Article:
There is more innovation going on in the telecommunications industry through AI and IoT than any previous period. Telcos are no longer just providing basic phone services, internet services, mobile capabilities and network services, they are instead fueling growth through AI. According to Fortune Business Insights, reports abound of how the IoT era will grow by more than 25% for telecom providers over the 2021-2028 period.
Telecom players are adding AI capabilities given their huge volume of data pools leveraging data from everywhere: mobile devices, networks, geolocation intelligence, customer profiles and log behaviors, services and service usage, data sales from communications with customers, invoicing, contracts, etc. etc The source areas for data aggregation and collective intelligence exploration are simply endless. The ability to create an intelligent customer profile that aggregates all service and usage patterns into an intelligent AI model to predict future share of wallet, upsell opportunities, and churn makes this industry one of most exciting to design, develop and deploy AI innovations.
However, a dilemma faced by administrators and C-level executives is to ensure that the companies they support in the telecommunications sector have a robust data aggregation strategy, authorizations and a maintenance infrastructure to support robust AI and machine learning (MLOps) operations. Note: “MLOps is the natural progression of DevOps in the context of AI,” said Samir Tout, professor of cybersecurity at Eastern Michigan University’s School of Information Security & Applied Computing (SISAC). “While it leverages DevOps’ focus on security, compliance, and IT asset management, the real focus of MLOps is on consistent, fluid pattern development and scalability.” (Note: Taulli, Tom – Forbes Blog)
From my perspective, I see many islands of projects focused on a single use case to solve a specific business problem versus a holistic architecture that connects all customer behavioral signals in the telecom industry. It’s a daunting prospect, but companies that get the AI infrastructure and capabilities right will outperform their competitors. With data so widely distributed in a Telco operation, it takes tremendous vision to bring all data sources together into a unified operating infrastructure/intelligence hub.
The value of using AI in telecommunications companies enables them to secure actionable insights, deliver better customer experiences, improve operations, and increase revenue, net new or renewals.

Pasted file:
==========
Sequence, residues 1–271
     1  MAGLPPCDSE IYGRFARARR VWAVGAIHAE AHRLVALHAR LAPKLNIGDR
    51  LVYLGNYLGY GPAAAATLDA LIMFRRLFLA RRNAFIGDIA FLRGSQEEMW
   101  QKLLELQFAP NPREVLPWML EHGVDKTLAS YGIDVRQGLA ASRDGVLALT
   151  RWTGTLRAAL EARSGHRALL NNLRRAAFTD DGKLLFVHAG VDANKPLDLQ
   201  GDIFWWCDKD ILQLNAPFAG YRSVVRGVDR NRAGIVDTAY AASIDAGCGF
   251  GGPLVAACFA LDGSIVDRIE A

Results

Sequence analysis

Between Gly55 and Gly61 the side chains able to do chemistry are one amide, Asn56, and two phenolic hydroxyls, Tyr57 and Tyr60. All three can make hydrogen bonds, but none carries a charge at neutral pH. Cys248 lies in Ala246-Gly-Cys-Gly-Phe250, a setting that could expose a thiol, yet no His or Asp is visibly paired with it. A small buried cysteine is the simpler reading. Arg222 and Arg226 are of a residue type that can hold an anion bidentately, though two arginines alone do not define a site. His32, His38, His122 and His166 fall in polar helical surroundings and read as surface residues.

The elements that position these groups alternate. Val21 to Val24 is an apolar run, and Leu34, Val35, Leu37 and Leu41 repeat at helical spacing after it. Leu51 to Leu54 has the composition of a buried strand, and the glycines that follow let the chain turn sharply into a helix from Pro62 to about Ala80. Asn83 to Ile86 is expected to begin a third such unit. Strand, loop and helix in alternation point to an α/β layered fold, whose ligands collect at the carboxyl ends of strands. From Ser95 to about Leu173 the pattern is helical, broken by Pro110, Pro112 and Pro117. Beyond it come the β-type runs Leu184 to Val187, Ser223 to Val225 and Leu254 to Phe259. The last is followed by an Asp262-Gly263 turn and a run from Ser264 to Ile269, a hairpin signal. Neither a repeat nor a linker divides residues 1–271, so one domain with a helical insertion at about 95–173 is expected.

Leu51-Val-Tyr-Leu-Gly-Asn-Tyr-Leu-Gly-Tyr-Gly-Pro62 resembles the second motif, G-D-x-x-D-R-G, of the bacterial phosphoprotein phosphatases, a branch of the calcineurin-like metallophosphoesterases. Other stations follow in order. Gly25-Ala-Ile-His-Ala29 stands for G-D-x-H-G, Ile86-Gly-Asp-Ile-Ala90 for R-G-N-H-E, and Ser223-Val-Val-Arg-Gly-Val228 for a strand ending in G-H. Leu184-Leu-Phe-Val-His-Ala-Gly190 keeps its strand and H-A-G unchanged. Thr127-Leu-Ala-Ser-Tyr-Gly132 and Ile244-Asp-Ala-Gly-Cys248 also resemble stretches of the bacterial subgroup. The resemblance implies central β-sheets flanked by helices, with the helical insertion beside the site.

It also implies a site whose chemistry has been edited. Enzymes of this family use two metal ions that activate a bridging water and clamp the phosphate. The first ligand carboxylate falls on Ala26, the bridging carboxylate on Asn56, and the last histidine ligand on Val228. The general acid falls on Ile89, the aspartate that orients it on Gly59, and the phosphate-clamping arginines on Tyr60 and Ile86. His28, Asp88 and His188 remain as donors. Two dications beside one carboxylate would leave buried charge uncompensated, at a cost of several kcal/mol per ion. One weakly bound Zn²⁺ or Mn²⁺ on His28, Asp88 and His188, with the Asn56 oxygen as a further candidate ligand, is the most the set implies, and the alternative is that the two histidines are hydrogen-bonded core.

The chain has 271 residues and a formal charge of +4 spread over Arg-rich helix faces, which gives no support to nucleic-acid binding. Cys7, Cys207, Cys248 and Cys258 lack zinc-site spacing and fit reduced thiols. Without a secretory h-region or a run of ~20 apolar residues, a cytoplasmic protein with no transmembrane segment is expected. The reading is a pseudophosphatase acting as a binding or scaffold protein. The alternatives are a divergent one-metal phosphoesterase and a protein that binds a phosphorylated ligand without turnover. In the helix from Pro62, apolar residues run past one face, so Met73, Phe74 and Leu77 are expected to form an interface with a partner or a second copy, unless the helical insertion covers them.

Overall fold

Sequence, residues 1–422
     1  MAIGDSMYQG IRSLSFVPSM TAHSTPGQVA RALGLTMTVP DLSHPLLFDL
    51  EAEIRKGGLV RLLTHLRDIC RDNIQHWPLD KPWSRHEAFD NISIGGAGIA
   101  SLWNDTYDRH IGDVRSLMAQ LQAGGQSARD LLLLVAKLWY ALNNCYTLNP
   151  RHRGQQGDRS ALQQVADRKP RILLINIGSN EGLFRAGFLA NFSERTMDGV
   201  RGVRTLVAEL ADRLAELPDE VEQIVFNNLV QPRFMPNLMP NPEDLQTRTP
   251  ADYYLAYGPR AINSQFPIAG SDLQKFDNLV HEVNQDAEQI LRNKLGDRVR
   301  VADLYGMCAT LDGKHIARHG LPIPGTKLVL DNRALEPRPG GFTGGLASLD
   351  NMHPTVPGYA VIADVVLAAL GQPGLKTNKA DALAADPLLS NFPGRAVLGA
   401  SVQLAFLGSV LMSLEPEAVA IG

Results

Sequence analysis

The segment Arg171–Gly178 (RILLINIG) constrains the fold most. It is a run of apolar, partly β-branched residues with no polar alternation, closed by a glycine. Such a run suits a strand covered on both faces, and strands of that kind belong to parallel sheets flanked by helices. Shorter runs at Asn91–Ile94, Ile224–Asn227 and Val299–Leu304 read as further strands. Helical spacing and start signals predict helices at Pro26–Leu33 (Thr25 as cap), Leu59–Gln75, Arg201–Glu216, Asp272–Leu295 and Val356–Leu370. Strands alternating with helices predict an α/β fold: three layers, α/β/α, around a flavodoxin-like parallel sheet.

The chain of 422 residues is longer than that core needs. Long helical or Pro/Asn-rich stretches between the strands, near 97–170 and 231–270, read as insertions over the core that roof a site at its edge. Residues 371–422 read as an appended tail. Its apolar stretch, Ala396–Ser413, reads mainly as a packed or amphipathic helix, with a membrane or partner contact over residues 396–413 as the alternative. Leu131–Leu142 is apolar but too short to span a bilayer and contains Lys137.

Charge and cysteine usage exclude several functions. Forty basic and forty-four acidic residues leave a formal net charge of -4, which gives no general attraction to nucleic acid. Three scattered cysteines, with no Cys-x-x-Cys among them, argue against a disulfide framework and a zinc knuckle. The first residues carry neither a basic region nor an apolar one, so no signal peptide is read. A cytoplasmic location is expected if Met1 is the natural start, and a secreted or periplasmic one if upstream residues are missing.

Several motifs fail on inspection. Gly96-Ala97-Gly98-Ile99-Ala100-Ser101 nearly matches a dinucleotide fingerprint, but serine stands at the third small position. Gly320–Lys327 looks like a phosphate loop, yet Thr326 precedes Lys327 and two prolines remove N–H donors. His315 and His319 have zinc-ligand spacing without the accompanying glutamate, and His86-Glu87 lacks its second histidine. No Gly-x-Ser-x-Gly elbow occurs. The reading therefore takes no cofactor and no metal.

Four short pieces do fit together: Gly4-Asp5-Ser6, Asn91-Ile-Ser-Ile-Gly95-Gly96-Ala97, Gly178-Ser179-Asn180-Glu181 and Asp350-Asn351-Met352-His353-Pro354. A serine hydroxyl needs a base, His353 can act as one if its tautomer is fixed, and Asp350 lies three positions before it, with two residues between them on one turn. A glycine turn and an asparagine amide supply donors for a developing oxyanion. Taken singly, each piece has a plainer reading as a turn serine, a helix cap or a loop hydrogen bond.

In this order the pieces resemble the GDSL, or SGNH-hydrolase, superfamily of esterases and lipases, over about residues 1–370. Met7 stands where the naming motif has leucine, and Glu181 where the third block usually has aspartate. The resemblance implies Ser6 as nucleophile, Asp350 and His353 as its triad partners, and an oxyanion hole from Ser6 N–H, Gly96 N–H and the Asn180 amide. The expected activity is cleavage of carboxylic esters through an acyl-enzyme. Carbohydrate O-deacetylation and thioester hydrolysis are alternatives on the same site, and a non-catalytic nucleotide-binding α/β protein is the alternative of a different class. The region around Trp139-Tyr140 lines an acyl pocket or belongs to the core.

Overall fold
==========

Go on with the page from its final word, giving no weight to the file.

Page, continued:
When you look at the global growth of connected devices – estimated at more than 30.9 billion, according to Statistica, this means that telecommunications companies are in an enviable position to unify intelligence on the usage patterns of connected devices and be in able to see patterns more deeply than most industries will be able to.
According to IDC, 63.5% of telecom companies are actively implementing AI to improve their network infrastructure. There has always been AI in network optimization, especially in areas of cybersecurity, which allow communication service providers (telco) to easily optimize and navigate traffic on their networks. The ability to predict anomalies (aberrant behaviors) in the network allows telecommunications providers to fix problems before they occur or automatically redirect traffic using AI monitoring systems. The growth of self-optimizing networks in telcos is increasing to over 50% CAGR, so a hot space to be in.
Some notable developments, Nokia launched its own machine learning-based AVA platform, a cloud-based network management solution to better manage capacity planning. It also predicts service degradations at cell sites up to seven days in advance.
More and more, innovative partnerships are being formed. For example, global provider of Smart City wireless solutions, eleven-x, has partnered with Canadian telecommunications leader SaskTel to help optimize information and communications technology networks in Saskatchewan. SaskTel is able to innovate and scale powerful AI solutions by bringing its expertise as a telecommunications provider to companies like eleven-x that have a strong foundation in AI. For more information, see SaskTel’s press release here.